Sunday, January 31, 2010

OSU Medical Center marries Wi-Fi network, software to track medical equipment, some patients

 Ohio State University Medical Center covers 5 million square feet, so it's easy for a piece of equipment to go missing. An IV pump, for example, that had been placed outside a patient room is pushed down the hall into a corner and eventually rolled into a closet. "There are lots of places things can be and people were spending time looking for things without any clue of where they were," said Chad Neil, director of technology at the medical center.
"Then we were renting equipment, more than we need, because they couldn't find it."
That's why Ohio State is spending about $1 million on a software system and electronic tags that will use the university's Wi-Fi network to keep track of thousands of pieces of equipment as well as patients and staff members.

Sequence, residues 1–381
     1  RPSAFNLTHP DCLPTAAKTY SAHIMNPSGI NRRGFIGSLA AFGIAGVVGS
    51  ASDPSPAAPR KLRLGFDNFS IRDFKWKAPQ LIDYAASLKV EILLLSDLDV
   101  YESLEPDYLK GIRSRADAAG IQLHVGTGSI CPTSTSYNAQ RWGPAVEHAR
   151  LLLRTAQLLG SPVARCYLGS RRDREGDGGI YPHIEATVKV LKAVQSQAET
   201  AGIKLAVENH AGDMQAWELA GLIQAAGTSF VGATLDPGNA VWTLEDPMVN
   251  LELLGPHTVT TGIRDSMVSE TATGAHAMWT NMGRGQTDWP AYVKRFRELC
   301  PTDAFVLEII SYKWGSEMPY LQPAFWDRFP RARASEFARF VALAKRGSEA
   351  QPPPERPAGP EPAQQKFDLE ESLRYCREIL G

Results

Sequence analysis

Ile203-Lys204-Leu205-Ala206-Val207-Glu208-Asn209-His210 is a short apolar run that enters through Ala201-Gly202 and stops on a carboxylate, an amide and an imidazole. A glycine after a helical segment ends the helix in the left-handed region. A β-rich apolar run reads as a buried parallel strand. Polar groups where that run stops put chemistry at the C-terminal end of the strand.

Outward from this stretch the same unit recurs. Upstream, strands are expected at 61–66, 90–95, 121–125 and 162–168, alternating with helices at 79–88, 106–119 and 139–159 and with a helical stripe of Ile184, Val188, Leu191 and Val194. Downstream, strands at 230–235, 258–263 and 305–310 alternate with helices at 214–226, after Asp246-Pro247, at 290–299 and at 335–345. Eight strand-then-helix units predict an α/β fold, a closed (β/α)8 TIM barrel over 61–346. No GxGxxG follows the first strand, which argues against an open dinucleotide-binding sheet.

Tags the size of a matchbox will be attached to equipment and emit a signal picked up on the Wi-Fi network, said Tuomo Rutanen, spokesman for Ekahau, the international company that developed the technology.
The signal will show up on a floor-plan map and, through an algorithm using Wi-Fi routers, the object will be located within a few feet.
From a nurse's station, staffers can look up the equipment or tag number of a patient monitor or bed on a computer and find it quickly.
"If you know how to use Google, you can use this," Rutanen said.
Ohio State plans to put tags -- at $100 each -- on 10,000 to 15,000 pieces of equipment over the next two years.

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